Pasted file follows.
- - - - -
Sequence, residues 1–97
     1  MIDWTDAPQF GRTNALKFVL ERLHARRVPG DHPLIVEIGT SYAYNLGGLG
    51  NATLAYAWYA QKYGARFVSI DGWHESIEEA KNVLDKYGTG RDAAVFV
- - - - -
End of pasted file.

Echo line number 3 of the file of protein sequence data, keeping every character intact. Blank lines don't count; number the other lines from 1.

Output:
    51  NATLAYAWYA QKYGARFVSI DGWHESIEEA KNVLDKYGTG RDAAVFV